- by Gitabushi
This weekend, I took my kid back to college in Huntsville, Alabama. While there, we stumbled across the Rocket City Arcade, where they offer a host of classic arcade games that you can play all day for just $10.
It had been a long day of driving, and so we only played for about an hour. But it felt like even that hour was well worth the money spent.
One precondition was they had to have Joust, and they did.
It took me a little time to get the game skills back, but by the fourth game, I got 64k points and set the high score for the game. I’m really not sure why no one plays it, because 64k points wasn’t that tough to get. I think in my heyday I must have broken 100k points, because 64k points included making it past just one survival wave and one egg wave, and I think i can remember making it to at least 3 egg waves previously.
The thing I love about Joust is there are no patterns to learn at all. No way to memorize a method or route that lets you beat the AI, or even puts you in a good position, like you can with games like Pac Man or Super Mario Brothers. Your flapping works against gravity based on your rate of taps, and it is impossible to hold a perfectly rock-steady altitude. Left and right are possible, but it often takes some finesse to zero out your lateral motion.
There are some places where you can hang out that make it more likely to kill the bad guys, but holding position there is tough, and if you camp there, they’ll get you.
Great game. Highly recommended. Probably my favorite game of all time, although Karate Champ is also very good.
The arcade also had a great old Star Wars game, where you shot tie fighters before making a trench run. As the game got tougher and faster, with more defending fire directed at you, the trick was to use your blasters to hit the defending fire and stay alive; shooting the enemy was only a secondary goal.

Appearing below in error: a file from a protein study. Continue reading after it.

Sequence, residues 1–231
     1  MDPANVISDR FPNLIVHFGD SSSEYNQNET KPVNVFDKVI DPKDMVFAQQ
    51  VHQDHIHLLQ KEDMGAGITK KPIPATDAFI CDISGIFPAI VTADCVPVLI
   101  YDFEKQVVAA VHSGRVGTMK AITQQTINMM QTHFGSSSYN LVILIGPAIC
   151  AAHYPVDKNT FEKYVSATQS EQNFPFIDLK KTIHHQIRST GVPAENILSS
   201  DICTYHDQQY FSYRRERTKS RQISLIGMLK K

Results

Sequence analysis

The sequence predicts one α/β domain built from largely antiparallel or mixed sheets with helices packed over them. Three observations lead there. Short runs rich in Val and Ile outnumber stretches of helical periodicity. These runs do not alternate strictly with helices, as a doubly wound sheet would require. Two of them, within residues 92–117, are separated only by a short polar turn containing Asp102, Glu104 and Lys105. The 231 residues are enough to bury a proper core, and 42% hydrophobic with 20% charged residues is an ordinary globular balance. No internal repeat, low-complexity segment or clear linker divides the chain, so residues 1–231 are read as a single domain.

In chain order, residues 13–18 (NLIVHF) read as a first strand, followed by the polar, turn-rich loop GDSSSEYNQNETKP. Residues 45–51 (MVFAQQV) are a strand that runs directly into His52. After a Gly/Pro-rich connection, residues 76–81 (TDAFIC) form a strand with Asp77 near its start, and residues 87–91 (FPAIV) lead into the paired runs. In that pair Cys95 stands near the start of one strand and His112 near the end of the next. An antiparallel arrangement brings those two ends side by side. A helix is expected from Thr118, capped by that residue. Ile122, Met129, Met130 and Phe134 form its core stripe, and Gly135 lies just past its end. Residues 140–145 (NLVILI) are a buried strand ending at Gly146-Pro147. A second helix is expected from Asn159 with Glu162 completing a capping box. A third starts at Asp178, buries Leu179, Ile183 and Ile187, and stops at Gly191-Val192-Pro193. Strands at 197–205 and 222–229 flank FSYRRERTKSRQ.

I got to try Donkey Kong, and made it to the 3rd level pretty easily. Got to do a few driving games, which are always fun. One game I loved, but only saw once, was a stunt driving game. You did jumps, loops, etc., and the game had some feedback that helped you feel you were actually driving the car doing the stunts. I’d pay good money for an original game in good condition to have the chance to play that and get good at it, but that is apparently not my fate. It might have been Atari’s “Hard Drivin'”, now that I’ve taken a moment to search. I thought I remembered green vector graphics, rather than the CRT graphics of “Hard Drivin'”…but the description of showing a replay of your crash sounds familiar, and the gameplay sure seems familiar, too. Memory is a funny thing.
But that wasn’t one of the games they had. They did have, however, The Simpsons, and Crystal Castles (boring) and the original Teenage Mutant Ninja Turtles. Several shooting games, but those weren’t as fun. I usually died in seconds, and only got anywhere by hitting “continue”. My kid and I had some bonding/fun on one of those for about 10 minutes.
They had a modern update to Rampage, which sucked. Different versions of Street Fighter, which was always best in the original Street Fighter 2 edition, before all the special moves just got stupidly complex and powerful. They had some Galaga types. They had Commando, and I died too quickly to want to try to get back any of that game’s muscle memory skills.
All in all, it was a fun trip down memory lane for me, and a chance for my kid to understand what gaming used to be like.
Doing a quick search, I’m seeing that several places combine retro games with bars. I didn’t look deeply enough to see if you still have to pay for the games. If you pay bar/pub prices for drinks, plus a quarter per game, it doesn’t seem worth it to me. There’s one in the DC area; I might try it.
But playing the game has convinced me that I will probably will purchase an Arcade1UP Rampage machine, as it includes Joust and Gauntlet. Rampage is okay. Gauntlet is actually kind of fun. I’ve played a pretty good Gauntlet emulation with my kid on the PS2, and the ability to just hit “continue”, with the loss of limitation of needing to drop a quarter in, makes the game much less fun. “Red Warrior Needs Food, Badly” is a sentence that sends chills down your spine if you have already given the machine your last quarter.
The system also has Defender, which is perhaps the most masochistic game Williams ever invented. But that is a game that might be enhanced by eliminating the necessity of quarters: it might actually now be feasible to practice to the point of actually getting good at it.
What classic arcade game was your favorite? Which do you miss? If you missed out on the era, which do you wish you’d gotten to try?